Does anyone have access to a basic contract that works for an indipendent film production?
The contract would be between the person controlling the production of the movie, (they can be considered an individual, not a company) and the composer.
If a contract is prepared by the prod. co., it almost certainly will consider the score a "work for hire". If you (or your attorney) prepares it, you'll want the agreement to be a license (specific rights to use for a set term incl. media and territories). Your performing rights society (ASCAP, BMI, SESAC) could certainly provide you with license forms for the use of songs in a film (I know you can download them from BMI's website) & I would think that their dept that specializes in sync rights would have similar ones for an underscore. So if they are your PR Society, contact that dept. in the LA office (or see www.bmi.com). I assume ASCAP will have the same resources; they all have artists reps (and workshops, scholarships, etc. for film composers) -- so if you don't find what you need @ Lee's suggested site, try them. You might also give this a quick read: http://www.bmi.com/licensing/broadcaster/sync.asp
I'm one of the small guys who has always wanted to "put things in writing", but have either not had the finances to hire an attorney, or just didn't know where to begin (or who to trust). My guess is that some advice would say "you can't afford not to hire one"...which I can subscribe to as well. My workload is getting higher profile and I need some protection/guidance. Have you personally used any of these contracts or know someone who can testify to their quality?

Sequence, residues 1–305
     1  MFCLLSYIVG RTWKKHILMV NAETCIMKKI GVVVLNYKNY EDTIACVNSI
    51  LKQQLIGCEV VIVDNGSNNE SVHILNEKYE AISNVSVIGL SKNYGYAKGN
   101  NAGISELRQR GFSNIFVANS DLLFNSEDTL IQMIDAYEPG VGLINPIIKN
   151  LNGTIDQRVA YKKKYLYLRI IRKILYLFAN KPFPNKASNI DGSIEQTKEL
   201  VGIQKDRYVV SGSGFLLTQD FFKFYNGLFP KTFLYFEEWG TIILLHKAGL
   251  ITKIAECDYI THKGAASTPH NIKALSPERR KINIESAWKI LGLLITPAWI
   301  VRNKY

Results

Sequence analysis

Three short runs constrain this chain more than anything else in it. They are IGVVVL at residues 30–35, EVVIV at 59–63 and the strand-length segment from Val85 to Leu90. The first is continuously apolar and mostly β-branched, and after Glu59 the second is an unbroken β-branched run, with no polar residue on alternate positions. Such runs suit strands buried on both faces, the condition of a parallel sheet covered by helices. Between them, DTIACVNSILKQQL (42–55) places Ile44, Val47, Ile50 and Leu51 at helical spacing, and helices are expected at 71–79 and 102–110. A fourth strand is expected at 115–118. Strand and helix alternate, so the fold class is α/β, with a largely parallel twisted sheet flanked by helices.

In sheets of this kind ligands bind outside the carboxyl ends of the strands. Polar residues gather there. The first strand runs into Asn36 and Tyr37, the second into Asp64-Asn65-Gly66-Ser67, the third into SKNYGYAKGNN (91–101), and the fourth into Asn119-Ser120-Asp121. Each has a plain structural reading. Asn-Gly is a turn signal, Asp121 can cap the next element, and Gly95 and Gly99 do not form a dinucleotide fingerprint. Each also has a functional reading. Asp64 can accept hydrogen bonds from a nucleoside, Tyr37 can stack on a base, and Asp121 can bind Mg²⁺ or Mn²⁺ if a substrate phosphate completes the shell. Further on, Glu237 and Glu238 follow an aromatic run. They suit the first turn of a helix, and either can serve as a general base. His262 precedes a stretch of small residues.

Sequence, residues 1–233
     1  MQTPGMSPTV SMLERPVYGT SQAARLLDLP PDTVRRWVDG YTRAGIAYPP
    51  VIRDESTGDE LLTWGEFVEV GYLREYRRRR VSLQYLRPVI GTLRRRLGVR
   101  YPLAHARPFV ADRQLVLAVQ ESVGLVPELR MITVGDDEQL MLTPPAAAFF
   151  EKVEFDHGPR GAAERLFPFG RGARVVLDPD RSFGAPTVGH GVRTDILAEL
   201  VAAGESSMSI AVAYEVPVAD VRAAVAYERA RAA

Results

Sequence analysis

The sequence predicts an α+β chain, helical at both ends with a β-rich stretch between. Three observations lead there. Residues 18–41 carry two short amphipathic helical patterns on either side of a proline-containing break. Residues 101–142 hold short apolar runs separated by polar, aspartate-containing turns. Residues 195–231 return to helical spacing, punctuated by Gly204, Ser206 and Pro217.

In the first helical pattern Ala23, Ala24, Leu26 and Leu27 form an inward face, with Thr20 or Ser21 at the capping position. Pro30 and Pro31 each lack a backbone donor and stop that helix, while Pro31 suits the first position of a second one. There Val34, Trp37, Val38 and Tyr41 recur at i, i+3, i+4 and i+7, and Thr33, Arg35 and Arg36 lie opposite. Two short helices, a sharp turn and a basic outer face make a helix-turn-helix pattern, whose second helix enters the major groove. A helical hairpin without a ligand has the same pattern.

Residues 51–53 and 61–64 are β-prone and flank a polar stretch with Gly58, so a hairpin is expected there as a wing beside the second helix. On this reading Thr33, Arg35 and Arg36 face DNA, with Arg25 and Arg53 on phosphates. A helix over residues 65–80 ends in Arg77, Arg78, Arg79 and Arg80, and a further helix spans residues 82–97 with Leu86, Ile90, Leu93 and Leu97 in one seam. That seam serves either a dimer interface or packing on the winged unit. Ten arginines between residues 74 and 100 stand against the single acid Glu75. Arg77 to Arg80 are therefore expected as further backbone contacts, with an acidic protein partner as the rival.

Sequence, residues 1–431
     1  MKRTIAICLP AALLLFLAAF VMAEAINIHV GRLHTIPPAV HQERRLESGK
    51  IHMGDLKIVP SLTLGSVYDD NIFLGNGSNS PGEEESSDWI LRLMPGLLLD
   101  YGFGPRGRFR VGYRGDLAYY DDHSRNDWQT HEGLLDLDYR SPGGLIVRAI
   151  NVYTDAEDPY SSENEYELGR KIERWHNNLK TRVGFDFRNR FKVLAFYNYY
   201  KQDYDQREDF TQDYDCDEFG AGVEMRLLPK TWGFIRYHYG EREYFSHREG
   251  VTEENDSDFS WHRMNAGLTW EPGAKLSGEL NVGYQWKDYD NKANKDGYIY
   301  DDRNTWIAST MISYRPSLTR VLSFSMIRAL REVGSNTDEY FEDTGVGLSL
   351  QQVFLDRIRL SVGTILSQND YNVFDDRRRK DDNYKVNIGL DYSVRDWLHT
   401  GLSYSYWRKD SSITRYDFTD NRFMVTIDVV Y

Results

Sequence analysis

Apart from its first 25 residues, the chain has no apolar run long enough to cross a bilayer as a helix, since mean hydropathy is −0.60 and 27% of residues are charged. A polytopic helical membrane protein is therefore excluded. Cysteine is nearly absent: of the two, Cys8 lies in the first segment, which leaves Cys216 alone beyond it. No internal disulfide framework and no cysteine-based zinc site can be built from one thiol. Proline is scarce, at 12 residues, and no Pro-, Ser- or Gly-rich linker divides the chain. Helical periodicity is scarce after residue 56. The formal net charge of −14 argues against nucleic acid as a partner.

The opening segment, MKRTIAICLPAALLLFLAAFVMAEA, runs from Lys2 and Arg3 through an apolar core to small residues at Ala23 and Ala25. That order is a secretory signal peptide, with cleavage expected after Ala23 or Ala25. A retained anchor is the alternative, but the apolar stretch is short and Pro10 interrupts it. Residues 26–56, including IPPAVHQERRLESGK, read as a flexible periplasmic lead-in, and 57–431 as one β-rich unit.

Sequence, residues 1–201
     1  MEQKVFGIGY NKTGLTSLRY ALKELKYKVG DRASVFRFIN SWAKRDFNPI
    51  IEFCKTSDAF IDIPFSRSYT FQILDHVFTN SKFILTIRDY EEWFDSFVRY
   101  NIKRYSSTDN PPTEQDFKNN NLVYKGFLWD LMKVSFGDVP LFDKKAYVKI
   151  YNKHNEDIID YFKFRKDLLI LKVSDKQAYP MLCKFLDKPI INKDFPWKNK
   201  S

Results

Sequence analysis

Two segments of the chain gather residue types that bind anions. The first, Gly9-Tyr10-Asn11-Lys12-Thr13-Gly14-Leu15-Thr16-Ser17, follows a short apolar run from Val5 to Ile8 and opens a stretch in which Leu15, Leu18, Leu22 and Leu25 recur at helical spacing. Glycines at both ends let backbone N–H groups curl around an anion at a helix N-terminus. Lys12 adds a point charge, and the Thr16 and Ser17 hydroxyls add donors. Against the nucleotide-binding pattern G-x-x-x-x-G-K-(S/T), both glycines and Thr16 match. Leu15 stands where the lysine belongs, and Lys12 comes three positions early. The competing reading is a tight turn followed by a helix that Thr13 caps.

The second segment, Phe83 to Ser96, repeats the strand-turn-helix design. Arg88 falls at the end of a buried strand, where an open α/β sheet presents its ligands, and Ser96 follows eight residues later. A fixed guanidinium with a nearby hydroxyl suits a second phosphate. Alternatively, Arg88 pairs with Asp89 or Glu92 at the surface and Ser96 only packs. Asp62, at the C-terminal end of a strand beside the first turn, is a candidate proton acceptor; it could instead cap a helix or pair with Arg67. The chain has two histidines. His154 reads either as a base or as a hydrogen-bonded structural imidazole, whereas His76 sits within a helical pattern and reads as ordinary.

Is it too much to expect that these are pro enough, or is it a heck of a deal for a guy like me? Many thanks for any suggestions!
Just a word of caution about the "one contract fits all" type of contracts - they don't necessarily fit all. Sure there is certainly a lot of boiler plate language in every contract, but certain circumstances, including negotiating various deal points, requires the attention of an attorney. Just be wary of what each of the provisions in the contract provide, and how they affect you, your music, and of course your bottom line.